Suspected Tucson gunman can be forced to take antipsychotic drugs, judge rules
Accused Tucson gunman Jared Lee Loughner can be forced to take antipsychotic drugs while doctors attempt to make him fit to stand trial in the shooting of Rep. Gabrielle Giffords and 18 others, a federal judge ruled Wednesday.
Loughner, 22, is accused of killing six and wounding 13 during a Jan. 8 rampage as Giffords was greeting constituents. The Arizona Democrat was shot in the head but survived.
“I defer to medical doctors,” U.S. District Judge Larry A. Burns said at an emergency hearing requested by the defense. “I have no reason to disagree with doctors. I didn’t go to medical school.”
Loughner faces 49 felony charges, including murder and attempted murder, and could face the death penalty. He has pleaded not guilty. He has been diagnosed with schizophrenia and declared mentally incompetent to stand trial, at least for now.
His lawyers asked Burns to block doctors from medicating him without his consent. But the key question, the judge said, is whether Loughner is dangerous. Burns refused to second-guess physicians and noted that he had not issued any orders about Loughner’s need for medication.
Burns has twice rejected defense requests that Loughner’s attorneys be notified before he is given antipsychotic drugs.
Reuben Cahn, one of Loughner’s attorneys, said his client “has a right not to be medicated.” Doctors have been forcibly giving Loughner the medication since June 21, Cahn said. He urged that restraints or isolation be tried instead.
Loughner, who was not at the San Diego hearing, has been at a federal prison facility in Springfield, Mo., since late May, under the care of mental health specialists. Under federal rules, their task is to make him fit to stand trial and assist in his own defense. He is expected to spend four months there but could stay longer if his condition does not improve enough for trial.
In court filings, prosecutors detailed Loughner’s outbursts while incarcerated: spitting at his lead attorney, Judy Clarke; cursing and throwing a chair at a psychiatrist; and throwing a wet roll of toilet paper at a camera.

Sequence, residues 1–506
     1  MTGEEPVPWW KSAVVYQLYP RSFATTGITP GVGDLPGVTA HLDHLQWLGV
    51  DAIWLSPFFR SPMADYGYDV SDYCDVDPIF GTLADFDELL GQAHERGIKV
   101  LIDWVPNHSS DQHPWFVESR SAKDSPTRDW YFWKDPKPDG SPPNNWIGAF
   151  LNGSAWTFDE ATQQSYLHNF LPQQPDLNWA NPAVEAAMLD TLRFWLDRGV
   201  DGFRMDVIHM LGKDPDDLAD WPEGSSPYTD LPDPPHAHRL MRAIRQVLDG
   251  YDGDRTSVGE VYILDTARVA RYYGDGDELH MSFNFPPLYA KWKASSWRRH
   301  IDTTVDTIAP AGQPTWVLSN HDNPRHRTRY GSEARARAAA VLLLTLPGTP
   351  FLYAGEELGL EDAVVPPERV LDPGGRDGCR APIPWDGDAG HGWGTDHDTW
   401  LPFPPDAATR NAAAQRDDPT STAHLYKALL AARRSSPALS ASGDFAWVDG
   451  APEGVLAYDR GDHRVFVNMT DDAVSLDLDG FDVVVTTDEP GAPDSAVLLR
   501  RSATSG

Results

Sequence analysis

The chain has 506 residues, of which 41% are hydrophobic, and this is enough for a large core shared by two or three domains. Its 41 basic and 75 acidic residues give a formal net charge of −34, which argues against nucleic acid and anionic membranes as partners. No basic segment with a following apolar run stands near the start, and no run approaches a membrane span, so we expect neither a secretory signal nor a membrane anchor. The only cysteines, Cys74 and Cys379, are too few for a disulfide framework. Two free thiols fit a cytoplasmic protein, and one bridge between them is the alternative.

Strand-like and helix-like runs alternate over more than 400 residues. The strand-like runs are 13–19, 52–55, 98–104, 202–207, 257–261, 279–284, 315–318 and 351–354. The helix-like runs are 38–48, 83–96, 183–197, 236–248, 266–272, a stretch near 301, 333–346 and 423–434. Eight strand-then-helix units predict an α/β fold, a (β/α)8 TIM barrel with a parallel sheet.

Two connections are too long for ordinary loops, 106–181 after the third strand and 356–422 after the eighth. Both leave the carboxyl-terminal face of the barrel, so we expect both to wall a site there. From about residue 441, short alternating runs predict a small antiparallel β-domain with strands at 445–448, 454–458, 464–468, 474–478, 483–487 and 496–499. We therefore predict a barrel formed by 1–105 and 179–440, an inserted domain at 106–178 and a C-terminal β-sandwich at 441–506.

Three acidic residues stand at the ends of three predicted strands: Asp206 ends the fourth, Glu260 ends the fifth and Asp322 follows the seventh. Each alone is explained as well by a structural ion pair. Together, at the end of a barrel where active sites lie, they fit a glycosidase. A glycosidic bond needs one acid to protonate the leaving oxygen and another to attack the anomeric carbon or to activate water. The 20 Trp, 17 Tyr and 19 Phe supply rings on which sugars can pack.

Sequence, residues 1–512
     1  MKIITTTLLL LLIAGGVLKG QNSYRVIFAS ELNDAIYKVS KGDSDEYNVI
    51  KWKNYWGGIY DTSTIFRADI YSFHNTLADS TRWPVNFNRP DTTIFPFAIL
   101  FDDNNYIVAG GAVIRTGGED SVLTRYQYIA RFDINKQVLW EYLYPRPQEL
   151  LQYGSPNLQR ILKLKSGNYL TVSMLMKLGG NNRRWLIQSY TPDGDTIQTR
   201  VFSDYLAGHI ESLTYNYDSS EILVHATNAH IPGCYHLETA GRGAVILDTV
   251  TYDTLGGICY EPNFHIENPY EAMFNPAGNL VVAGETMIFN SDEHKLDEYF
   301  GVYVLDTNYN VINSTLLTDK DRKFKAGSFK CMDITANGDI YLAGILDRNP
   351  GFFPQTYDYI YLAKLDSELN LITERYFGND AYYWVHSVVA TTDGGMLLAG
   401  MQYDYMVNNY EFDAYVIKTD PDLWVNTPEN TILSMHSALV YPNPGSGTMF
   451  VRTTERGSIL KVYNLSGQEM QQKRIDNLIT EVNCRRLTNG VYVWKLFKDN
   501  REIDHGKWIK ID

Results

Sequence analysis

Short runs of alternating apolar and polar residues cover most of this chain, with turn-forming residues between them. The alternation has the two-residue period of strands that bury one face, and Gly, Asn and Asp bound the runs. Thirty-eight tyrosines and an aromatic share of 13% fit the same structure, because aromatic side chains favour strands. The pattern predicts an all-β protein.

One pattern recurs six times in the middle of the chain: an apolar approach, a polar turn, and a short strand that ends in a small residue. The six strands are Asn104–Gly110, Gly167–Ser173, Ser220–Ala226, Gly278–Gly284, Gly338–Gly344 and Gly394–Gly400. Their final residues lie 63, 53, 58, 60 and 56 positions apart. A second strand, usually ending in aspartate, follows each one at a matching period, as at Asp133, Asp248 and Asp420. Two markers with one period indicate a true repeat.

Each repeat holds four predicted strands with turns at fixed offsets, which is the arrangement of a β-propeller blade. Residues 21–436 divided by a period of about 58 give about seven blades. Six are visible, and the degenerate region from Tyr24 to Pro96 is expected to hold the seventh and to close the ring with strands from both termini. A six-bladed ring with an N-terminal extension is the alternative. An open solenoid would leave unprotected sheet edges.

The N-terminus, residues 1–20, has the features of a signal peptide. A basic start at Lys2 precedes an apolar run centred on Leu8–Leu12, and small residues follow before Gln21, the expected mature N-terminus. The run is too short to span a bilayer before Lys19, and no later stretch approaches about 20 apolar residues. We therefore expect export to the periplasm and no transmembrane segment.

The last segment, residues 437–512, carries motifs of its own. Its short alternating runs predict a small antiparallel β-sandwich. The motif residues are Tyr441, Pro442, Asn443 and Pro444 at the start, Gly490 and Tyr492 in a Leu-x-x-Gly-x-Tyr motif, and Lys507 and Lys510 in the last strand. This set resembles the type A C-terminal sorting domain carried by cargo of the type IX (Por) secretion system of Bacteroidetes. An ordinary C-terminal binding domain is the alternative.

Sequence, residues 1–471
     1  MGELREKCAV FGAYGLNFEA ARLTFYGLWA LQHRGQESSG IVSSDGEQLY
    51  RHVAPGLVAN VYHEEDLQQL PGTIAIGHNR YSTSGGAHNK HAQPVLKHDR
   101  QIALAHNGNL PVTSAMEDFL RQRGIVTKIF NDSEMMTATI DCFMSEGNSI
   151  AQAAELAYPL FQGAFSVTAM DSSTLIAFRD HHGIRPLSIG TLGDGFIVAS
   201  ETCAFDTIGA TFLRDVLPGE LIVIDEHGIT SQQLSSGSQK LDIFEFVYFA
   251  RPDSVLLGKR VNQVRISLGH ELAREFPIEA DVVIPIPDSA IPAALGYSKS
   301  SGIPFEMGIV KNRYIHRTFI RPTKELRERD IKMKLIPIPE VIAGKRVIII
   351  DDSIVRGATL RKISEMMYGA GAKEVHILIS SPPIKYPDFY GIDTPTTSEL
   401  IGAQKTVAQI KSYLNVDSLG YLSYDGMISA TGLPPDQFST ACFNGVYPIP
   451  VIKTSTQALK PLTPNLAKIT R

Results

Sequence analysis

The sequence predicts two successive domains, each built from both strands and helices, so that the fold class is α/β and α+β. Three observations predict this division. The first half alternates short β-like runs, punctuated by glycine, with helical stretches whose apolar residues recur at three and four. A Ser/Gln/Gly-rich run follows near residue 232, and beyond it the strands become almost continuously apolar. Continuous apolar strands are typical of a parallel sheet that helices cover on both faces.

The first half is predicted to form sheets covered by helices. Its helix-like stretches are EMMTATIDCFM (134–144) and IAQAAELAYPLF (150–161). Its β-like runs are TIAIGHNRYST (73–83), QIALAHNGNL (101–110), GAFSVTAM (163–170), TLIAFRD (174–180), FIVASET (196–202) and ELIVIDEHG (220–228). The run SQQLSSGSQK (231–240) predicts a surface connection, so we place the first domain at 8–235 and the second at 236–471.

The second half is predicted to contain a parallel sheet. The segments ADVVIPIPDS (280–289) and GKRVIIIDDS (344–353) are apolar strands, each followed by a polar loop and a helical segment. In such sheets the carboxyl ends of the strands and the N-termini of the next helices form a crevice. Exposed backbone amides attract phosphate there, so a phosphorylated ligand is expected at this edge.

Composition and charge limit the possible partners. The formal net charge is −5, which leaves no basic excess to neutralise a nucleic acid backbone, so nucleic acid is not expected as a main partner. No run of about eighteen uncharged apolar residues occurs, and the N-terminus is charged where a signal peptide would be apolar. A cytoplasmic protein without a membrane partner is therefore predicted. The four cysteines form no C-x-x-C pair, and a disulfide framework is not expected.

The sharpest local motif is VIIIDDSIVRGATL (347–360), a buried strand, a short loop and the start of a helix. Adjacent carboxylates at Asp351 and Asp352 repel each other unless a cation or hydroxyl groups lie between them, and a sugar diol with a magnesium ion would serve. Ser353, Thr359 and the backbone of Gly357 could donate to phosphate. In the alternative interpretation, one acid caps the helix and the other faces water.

Assistant U.S. Atty. Wallace Kleindienst, on a video feed from Tucson, told Burns that Loughner was dangerous to other inmates and staff.
“This is a person who is a ticking time bomb,” he said.
A prison administrative hearing about whether Loughner should be given medication was held in Springfield two weeks ago. He refused to attend, prosecutors said. At that hearing, he was found to be dangerous.
Loughner’s attorneys have yet to say whether they will offer an insanity defense if the case goes to trial.
Wednesday’s hearing was in San Diego because Burns is based there. He was selected to try the case after all federal judges in Arizona recused themselves because the state’s chief federal judge, John Roll, was killed in the attack. A 9-year-old girl also was among the dead.
Giffords, 41, was discharged from TIRR Memorial Hermann Hospital in Houston on June 15 and is receiving outpatient therapy. She spent five months there while her husband, astronaut Mark E. Kelly, was training for the recently concluded Endeavour space shuttle mission. She traveled to Florida to watch the shuttle’s launch but did not appear in public.
The congresswoman’s recovery has been remarkable, but she still faces steep obstacles. Her chief of staff, Pia Carusone, told the Arizona Republic this month that Giffords had trouble speaking in sentences and often communicated through pointing, gesturing and facial expressions.
Giffords made her first public appearance since the shooting this week, at a ceremony honoring her husband and other astronauts. She received a standing ovation.
Special correspondent Neal Putnam contributed to this report.
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